Hi there, Mariko here. I had a week off from my internship last week, and am now back at work again with my Indigenous Communities collection research project on a select group of Aboriginal and Torres Strait Islander artists and their artworks.

I was very keen to get back to the museum – not just because I have heaps of work to do (which I really do…) – but also because I heard George Clooney was in town and hanging out at Pyrmont and Darling Harbour, tantalisingly close to the Wharf 7 building.

Unfortunately, George didn’t stick around long enough to fit in with this week’s internship schedule, however I managed to pull myself together and get on with the tasks at hand. This included continuing on with my object and artist record updating (for both the museum’s internal collections management system and for potential audience-facing material); kicking off the image reproduction approval process with emails; and working on a fun activity which will be the focus of this blog post today.

This activity marks the next stage of my project to combine object and artist biographical information in a geographical context, and plugging the research into the form of a Google map.

Since this is a prototype and still very much a work-in-progress, I haven’t included a visual of it here, but in case you’re not familiar with this great interweb tool – here’s a mock-up showing the museum’s (and George Clooney’s previous) location.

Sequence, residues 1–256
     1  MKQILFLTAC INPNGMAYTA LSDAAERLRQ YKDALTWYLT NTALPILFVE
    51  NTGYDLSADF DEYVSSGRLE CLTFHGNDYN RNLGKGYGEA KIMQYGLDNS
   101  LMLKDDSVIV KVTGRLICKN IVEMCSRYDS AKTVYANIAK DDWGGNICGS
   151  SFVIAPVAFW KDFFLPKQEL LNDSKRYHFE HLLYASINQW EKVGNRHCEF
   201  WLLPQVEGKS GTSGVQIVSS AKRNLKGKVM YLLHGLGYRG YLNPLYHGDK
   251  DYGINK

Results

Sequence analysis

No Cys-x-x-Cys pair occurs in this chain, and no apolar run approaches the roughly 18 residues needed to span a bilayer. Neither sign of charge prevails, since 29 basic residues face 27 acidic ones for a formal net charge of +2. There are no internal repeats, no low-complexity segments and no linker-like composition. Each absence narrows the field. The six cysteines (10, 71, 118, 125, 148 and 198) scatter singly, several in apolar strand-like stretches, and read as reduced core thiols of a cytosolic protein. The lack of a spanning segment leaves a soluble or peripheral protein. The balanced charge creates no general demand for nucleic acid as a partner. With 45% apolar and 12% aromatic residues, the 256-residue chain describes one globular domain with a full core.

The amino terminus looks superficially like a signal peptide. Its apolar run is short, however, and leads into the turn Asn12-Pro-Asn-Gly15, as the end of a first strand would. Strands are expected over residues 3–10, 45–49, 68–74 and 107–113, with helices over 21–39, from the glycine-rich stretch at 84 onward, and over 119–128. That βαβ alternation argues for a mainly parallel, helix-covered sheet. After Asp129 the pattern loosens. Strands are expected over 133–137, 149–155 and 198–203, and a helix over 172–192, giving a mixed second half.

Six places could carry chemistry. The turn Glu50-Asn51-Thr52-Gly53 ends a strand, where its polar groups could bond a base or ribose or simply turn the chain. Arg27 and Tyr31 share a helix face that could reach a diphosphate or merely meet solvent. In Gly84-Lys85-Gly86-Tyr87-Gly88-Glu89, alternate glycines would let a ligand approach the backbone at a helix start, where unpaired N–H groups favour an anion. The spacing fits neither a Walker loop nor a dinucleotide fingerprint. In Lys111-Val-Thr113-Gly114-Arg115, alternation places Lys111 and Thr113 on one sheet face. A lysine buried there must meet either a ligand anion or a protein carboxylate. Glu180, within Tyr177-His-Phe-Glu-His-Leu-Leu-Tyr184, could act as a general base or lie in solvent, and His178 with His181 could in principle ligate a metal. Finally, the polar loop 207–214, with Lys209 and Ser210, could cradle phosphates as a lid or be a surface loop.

Google Map of Australian National Maritime Museum
View Australian National Maritime Museum in a larger map

We are hoping to use the finished product on the museum’s website to provide visitors with a way to connect the artworks with the actual physical locations they are related to – whether this may be the places they were made, or the places that inspired or featured in the artwork. The idea is to demonstrate that these objects have a life and presence beyond the museum and online space, and especially for many Indigenous Australians, showing the strong influence of country on life and culture. It is also something which could be easily replicated for other objects and collections.

Next week will be my last post for 2011, so I thought it would be fitting to do a re-cap of the Indigenous-related exhibitions the museum has been involved with this year.

Cheers, Mariko

PS – If you missed my last post, you can read it here.



Discover more stories from a unique range of contributors...

Posted in: From the collection